Similar to other major epidemics in America, drug addiction is a problem that many people choose to ignore. Statistics show that, in 2005 alone, there were at least 22,400 drug-related deaths in the United States. Despite the rate of drug-related deaths increasing every year, the stigma surrounding drug addiction still exists. Here are a few ways that you can combat the dangerous stigmas of drug addiction.

Be Honest With Your Family About Your Addiction

Drug addiction usually stems from emotional or physical trauma. If you’ve lost a loved one, lost your job, or even experienced a severe injury, your chances of turning to addiction increase. When you feel uncomfortable talking to your family about your problems, you’re more vulnerable to drug addiction. In order to avoid setting down this dangerous path, become honest about your drug addiction.

Eliminating the Stigma of Drug Addiction

The people that truly love you will not shun you because of your addiction. They will only attempt to help you along the path to recovery. By seeing a fellow loved one struggle with addiction, they will become more understanding about the trails and tribulations surrounding addiction. This, in turn, will help them to have more compassion and empathy towards any future individuals that may also struggle with addiction.

Frame Addiction As A Disease Rather Than Choice

Science has proven that drug addiction is far more complicated as a simple choice. Some people are more predisposed to addiction due to a variety of factors. From family history to their environments, addiction is a disease that any and everyone can experience. No matter your class, sex, race, or age, you’re always prone to addiction. Once someone falls into the influences of drugs and alcohol, navigating towards the path to redemption can be a difficult task.

Not only do old habits die hard but your body becomes hardwired to function with your drug addiction. Without the proper support of your family and trained professionals, shaking your drug addiction becomes an extremely difficult task. Helping your friends and family understand every chemical, emotional, and physical challenge that you’re facing will help to eliminate the stigma of drug addiction.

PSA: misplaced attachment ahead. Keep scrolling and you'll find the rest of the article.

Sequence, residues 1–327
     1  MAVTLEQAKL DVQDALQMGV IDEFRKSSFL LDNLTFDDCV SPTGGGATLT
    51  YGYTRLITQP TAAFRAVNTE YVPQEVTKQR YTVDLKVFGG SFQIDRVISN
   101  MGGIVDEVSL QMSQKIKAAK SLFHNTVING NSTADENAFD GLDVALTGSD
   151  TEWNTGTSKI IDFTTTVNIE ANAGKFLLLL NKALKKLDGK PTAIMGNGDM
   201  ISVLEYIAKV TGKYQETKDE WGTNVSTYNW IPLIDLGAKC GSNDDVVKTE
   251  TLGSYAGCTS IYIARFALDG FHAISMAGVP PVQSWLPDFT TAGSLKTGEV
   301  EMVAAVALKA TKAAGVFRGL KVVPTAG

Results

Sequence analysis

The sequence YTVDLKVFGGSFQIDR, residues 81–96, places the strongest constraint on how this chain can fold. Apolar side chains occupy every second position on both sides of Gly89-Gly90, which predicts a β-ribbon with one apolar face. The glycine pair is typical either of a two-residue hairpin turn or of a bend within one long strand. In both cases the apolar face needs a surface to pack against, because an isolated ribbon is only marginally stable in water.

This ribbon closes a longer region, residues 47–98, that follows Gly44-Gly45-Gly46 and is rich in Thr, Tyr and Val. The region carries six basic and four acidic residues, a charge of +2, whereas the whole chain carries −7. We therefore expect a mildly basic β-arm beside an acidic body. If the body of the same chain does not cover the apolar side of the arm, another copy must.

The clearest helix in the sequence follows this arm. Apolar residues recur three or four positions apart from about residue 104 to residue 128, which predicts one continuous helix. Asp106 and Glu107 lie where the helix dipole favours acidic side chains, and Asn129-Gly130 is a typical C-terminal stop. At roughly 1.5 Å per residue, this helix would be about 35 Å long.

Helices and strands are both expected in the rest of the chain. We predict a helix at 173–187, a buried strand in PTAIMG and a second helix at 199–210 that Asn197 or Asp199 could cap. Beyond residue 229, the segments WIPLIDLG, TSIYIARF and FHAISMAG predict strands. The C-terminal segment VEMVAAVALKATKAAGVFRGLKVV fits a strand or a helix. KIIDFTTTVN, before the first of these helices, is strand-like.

Addiction Is A Chronic Disease

Even after you’ve begun your road to recovery, drug addiction will always be a constant battle. There will always be temptations surrounding you and you’re going to have to remain mentally and emotionally strong. Helping your friends and family understand that will make it easier for them to respect your battle. Yes, you may partake in programs that help you suppress your urges and destructive behavior, but the actions of your loved ones are just as important.

Having family members that respect your decision to remain sober will encourage you even more. Whether it’s ten days after your program or ten years, your friends and family should always respect your sobriety.

The Path To Recovery

If you or a loved one are seeking the path to recovery, contact a Tennesse alcohol addiction program. At Discovery Place we offer multiple programs that will set you down the path to redemption. Not only do we offer alternative treatment programs that will assist you with your addictions, but we also offer long-term recovery programs. If you or a loved one are in need of a Tennesse alcohol addiction program, contact Discovery Place at 1-800-725-0922.

Testimonials

  • Discovery Place was the answer for my son. He did the 90 day and then the step down program and sober living. We give this organization 10 stars. They met my son where he was …emotionally, mentally, physically. They helped him put his life back on track. Discovery Place employees care about their guests. If your son, brother, nephew, grandson or husband needs excellent supportive care THIS is indeed the facility.

    Kim Morton
    Alumni Parent
  • I have remained sober and it is because of DP. DP is the best place there is, hands down. I keep everyone there in my prayers, and I encourage everyone there to take what they are practicing and do it in their lives, after.

    Roy Mantelli
    Alumni
  • Over the past year, I’ve been putting into actin what Discovery Place taught me, and I have experienced a complete perspective change of the world, and the people in it. I get to be a man of service and love today, and for that I am grateful to Discovery Place.

    Matt Kassay
    Alumni
  • Discovery Place means the world to me. They showed me the tools that I’ve tried to use everyday in my life to think less often of myself, and more frequently of others. I am learning to lend a hand when I am able and to have a honest and humble relationship with God and the people around me. Not only am I clean and sober, but also I am happy and fulfilled.

    Tommy Parker
    Alumni
  • Discovery Place and the men who work there made recovery attractive, and more importantly, fun. There is strength in the struggle. I am forever grateful for my time at Discovery Place.

    Creed McClellan
    Alumni
  • When I got to Discovery Place my whole life was in shambles, but I didn’t know it. I spent 6 months in their programs, participating in all three phases, and was met with kindness and love all along the way. It is unbelievable to me, where I am now relative to where I was when I arrived at DP.

    Lance Duke
    Alumni
  • I can never say enough good things about Discovery Place and the people who work there. Before checking in to DP, I was out of options and out of answers. Fortunately, Discovery Place has a solution. Taking suggestions from the staff at DP saved my life, and as a result, I’m now more content and hopeful about life. I’m grateful for Discovery Place showing me how to live a healthy life so that I can become a better man and help the next guy.”

    Tyler Buckingham
    Alumni

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